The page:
Despite spending the majority of my childhood with a book in my hand, I have never actually read E. B. White’s much loved classic, Charlotte’s Web. And whilst we all know that original books are normally much better than film adaptations, I can’t even say that I have watched the film all the way through. As a result, at the age of 22, I finally sat down to tick this children’s book off my ever increasing reading list.
Charlotte’s Web follows Wilbur, a young pig doomed to die because of his tiny size and appearance. Despite being the run of the litter, he is saved by a young girl, Fern, and begins his life surrounded by her love. Growing up, Wilbur is moved to the farm of Fern’s uncle, where his life begins to integrate with that of the other animals there, including Charlotte, a spider. As he becomes to understand the world, Wilbur realises what it means to be a pig on the farm, and that the coming of winter will ultimately bring his death. From this realisation, the story follows the unique pairing of Charlotte and Wilbur as they attempt to save the pigs life, solidifying a friendship along the way.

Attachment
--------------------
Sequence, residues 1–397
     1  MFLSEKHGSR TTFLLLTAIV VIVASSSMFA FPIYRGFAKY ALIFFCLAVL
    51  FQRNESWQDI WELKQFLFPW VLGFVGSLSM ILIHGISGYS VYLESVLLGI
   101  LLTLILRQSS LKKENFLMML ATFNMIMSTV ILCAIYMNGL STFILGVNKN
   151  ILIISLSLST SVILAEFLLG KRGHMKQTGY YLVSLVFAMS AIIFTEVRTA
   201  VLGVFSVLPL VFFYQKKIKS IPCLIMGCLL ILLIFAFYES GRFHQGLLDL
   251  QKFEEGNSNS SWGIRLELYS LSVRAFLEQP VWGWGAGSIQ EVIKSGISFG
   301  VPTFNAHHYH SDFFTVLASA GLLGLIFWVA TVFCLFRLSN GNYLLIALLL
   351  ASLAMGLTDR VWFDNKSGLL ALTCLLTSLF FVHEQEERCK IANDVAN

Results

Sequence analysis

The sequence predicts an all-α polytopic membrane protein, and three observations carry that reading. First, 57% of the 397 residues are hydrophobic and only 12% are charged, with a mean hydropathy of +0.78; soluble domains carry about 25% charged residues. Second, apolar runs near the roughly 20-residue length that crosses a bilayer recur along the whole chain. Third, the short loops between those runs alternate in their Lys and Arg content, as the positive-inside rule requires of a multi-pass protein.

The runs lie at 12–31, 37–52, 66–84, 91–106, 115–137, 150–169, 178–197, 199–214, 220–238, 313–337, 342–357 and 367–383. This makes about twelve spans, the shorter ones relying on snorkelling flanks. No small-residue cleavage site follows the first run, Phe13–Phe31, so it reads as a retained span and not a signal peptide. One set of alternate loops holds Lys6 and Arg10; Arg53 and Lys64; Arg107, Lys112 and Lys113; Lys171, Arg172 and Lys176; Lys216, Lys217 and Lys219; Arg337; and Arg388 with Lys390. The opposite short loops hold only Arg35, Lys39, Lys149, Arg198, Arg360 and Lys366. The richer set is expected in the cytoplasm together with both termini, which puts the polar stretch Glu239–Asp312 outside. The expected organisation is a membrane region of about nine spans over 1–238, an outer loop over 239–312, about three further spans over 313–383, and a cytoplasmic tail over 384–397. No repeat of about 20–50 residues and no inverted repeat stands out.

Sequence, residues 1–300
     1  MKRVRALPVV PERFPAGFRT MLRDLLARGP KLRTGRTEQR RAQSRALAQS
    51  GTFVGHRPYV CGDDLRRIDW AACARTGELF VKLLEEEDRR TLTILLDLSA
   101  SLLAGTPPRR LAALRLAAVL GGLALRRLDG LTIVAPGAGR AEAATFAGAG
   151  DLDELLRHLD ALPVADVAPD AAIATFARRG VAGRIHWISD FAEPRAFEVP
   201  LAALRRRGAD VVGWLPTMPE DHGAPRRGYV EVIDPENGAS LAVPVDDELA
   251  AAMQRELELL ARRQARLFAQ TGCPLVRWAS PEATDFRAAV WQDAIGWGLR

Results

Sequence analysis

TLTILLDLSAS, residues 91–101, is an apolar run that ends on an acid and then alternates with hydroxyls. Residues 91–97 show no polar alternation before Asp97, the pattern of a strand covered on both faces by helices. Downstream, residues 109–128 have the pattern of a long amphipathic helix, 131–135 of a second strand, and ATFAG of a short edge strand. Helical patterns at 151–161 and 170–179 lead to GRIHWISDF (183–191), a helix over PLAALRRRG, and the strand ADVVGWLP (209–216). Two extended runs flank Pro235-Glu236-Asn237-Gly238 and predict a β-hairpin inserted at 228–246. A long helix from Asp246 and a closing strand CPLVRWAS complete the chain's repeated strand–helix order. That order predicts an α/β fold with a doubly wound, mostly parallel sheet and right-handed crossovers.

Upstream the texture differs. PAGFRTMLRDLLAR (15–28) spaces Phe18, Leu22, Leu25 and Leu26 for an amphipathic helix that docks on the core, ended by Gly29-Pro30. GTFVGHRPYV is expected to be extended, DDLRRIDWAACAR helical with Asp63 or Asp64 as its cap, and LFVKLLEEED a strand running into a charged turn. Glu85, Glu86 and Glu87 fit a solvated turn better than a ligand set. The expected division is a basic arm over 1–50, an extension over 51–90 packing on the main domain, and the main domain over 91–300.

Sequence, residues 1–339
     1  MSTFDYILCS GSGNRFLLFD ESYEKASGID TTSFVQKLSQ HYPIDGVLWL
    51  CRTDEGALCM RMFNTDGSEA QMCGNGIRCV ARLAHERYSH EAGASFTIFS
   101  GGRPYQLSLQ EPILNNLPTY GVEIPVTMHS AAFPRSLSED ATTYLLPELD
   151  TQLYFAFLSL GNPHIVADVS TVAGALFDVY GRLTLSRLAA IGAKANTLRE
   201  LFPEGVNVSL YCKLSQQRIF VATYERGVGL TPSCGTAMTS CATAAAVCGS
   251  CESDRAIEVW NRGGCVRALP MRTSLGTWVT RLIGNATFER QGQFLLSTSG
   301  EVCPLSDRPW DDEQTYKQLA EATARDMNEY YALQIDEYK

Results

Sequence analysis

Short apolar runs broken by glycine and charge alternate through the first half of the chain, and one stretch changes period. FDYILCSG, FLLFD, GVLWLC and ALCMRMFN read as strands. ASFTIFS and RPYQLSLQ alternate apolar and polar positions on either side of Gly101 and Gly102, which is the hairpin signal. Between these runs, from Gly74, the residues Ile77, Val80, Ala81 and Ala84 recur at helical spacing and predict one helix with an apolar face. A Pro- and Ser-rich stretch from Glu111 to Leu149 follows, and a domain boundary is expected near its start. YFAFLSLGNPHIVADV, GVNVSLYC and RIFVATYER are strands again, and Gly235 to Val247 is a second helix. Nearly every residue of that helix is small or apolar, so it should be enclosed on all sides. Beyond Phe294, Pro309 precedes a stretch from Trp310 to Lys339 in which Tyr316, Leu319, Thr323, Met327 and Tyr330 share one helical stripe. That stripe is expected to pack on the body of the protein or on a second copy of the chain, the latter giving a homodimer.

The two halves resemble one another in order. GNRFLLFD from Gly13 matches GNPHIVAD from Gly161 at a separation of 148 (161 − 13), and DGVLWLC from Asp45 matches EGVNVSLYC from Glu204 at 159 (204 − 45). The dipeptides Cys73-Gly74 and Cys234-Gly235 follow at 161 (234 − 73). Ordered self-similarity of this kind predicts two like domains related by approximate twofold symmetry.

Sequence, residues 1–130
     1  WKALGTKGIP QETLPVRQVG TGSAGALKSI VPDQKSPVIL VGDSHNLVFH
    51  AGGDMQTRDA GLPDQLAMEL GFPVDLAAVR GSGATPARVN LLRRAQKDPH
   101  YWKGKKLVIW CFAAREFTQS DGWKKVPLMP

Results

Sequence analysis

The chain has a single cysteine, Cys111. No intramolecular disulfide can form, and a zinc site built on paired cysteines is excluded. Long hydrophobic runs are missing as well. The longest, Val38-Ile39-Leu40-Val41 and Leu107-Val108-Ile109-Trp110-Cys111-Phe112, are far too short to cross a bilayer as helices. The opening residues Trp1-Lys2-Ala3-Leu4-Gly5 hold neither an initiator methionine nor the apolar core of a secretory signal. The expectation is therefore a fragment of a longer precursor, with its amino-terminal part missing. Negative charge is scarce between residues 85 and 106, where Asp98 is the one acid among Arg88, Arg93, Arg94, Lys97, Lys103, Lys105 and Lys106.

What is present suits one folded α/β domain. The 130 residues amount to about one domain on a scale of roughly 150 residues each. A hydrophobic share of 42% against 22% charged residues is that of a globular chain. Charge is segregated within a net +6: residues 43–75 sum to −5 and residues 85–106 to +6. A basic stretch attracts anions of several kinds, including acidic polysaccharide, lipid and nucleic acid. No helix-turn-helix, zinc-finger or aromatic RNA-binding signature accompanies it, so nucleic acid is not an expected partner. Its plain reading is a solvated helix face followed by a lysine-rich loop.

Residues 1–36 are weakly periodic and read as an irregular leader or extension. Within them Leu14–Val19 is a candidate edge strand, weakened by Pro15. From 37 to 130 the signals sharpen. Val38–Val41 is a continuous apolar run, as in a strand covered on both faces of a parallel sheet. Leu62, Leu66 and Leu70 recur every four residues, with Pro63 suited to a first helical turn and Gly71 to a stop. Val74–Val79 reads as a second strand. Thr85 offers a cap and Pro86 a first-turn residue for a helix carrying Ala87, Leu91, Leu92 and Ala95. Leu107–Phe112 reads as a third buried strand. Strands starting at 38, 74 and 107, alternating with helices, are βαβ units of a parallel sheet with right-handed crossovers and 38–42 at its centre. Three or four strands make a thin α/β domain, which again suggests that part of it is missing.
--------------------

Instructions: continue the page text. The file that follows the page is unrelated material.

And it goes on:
The book wastes no time in plunging straight into the crux of the story. Fern is horrified when she realises that the tiny pig is about to be slaughtered, and cannot reconcile herself to the injustice. As she points out, if a child had been born small at birth, they would not be so brutally killed, and she declares, ‘I see no difference’ (p. 3). By giving Fern this voice, with the simplicity of a child’s version of right and wrong, it plays upon our morals and our own behaviour. I definitely feel that the author is pushing their own agenda here against animal cruelty, using the mixture of animals and children to depict the harshness of humanity. A statement is made, but in a way which allows the reader to be involved.